Children gain new understandings daily, merely by applying themselves to learn. The self-improvement progression is the same for adults; we can always improve our knowledge, develop our character, increase our strengths, shore up our weaknesses, and bring healing to our relationships. Albert Einstein wrote, “Strive not to be a success, but rather to be of value.”
Writing goals down in a self-improvement journal is a great place to start. Set a routine to reflect on these goals daily. Evaluate areas where progress is being made. Identify habits that are helping and habits that are running interference. Remember, goals that are specific, measurable, achievable, relevant, and time-bound are more likely to be achieved than goals that are not.
Simple tasks such as reading every day, meditating, and even waking up early are easy to accomplish, yet easy to neglect. The self-improvement process is a choice that starts from within.
We have such busy lives! Between work, children, and a thousand other responsibilities, a personal growth journey can seem like too much of a time commitment. Do we view self-improvement as reserved for people who aren’t super busy? Do we view it as a luxury afforded to those who have earned success? These toxic thoughts poison us from taking charge; beware of being ensnared by their false narrative. Successful people are successful because no matter how busy they are, they specifically set aside time for learning. Anyone can read ten pages a day. Anyone.
Who Are We Becoming?
American author, Jim Rohn, wrote, “Success is something we attract by the person we become.” What is our attitude? What is our philosophy towards life? As we consider the time investment needed for personal growth, reframe the question. This isn’t “What am I getting?” but “Who am I becoming?”
Who we become is so much more valuable than what we get.
American author, Ernest Hemingway, wrote, “There is nothing noble in being superior to your fellow man; true nobility is being superior to your former self.” We’ve all witnessed people who glide in and out of challenging conversations with ease, leaders who seem to effortlessly keep their team focused on the prize. The gifts of persuasiveness and eloquence don’t materialize overnight. By reading consistently and dedicating time to self-improvement, we can slowly but surely join the ranks of conversational genius.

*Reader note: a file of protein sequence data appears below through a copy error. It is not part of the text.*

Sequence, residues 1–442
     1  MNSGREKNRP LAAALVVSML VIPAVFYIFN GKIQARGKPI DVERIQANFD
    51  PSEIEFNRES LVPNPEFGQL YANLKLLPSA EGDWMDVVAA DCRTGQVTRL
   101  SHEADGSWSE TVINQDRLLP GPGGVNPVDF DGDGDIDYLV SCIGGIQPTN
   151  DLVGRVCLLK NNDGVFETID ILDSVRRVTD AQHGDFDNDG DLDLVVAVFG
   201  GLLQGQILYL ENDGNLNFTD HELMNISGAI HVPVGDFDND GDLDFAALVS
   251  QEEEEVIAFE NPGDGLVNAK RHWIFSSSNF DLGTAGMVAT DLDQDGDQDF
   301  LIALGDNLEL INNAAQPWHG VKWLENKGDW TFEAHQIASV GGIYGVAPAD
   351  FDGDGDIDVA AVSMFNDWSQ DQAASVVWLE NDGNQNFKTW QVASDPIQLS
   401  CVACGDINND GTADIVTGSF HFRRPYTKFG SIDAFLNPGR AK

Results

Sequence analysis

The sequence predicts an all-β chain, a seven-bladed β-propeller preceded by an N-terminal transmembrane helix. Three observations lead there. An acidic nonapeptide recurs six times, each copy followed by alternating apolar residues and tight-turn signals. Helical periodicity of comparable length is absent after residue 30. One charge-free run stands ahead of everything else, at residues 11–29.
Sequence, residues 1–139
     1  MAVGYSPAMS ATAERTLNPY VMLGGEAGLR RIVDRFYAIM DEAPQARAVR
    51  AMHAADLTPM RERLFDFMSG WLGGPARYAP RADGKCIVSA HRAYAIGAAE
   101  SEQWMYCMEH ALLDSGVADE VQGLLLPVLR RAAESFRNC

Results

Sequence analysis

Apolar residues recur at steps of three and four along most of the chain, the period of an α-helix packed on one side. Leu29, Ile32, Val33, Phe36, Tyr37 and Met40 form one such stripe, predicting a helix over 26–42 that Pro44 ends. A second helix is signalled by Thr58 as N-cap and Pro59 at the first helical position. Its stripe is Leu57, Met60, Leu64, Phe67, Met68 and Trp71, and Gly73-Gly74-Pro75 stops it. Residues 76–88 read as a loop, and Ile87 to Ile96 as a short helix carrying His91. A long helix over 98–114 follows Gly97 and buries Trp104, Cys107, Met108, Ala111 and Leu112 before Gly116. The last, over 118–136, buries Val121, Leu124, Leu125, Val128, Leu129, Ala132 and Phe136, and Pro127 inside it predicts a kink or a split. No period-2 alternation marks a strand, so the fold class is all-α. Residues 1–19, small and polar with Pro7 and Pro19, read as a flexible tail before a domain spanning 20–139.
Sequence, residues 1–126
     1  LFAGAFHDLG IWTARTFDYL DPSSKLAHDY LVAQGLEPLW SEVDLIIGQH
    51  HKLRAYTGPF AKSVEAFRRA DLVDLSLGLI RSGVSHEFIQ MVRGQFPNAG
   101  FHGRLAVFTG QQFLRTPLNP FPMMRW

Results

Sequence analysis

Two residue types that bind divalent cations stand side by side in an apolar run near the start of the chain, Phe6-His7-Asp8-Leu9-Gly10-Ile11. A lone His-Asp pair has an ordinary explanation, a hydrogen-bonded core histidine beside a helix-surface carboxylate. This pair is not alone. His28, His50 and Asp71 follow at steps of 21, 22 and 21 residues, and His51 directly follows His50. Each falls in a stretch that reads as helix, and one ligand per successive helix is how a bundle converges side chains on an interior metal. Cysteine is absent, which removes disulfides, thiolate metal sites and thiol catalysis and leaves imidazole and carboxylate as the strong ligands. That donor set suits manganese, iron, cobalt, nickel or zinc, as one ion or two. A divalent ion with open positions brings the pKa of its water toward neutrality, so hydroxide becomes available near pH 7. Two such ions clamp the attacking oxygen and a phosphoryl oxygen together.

Self-Development for Children
First and foremost, children should know that we love them exactly as they are. One of the coolest things about kids is their uncanny knack for living in the present moment. This moment right here, right now, matters most. As children progress through grade school, gently let them in on this secret: there are special books thaat can help us learn just about anything.
As children grow and stretch themselves, they might pout, complain, and offer resistance. When mom makes learning fun, we stunt those counterproductive energies and nourish a growth mindset. Mothers can minimize the “pain” experienced as children struggle to learn by leaning on a strong mother-child bond to connect with reassuring love, eye contact, and trust during the learning process. Remind them that attitude is everything; nurture, coach, support, and even gently tease their misperceived “agony.” Get them smiling during the growth process, help them help themselves, and enjoy the great fun of learning new things.
First, show them how to do something. Then, do it together. Finally, pass them the reins to try for themselves. While first attempts without our help may be unproductive, learning success comes in the form of experiential learning. As mothers lead children back and forth from “We do” to “You do,” gradual improvements inspire growing self-confidence.
Good vs. Bad Influences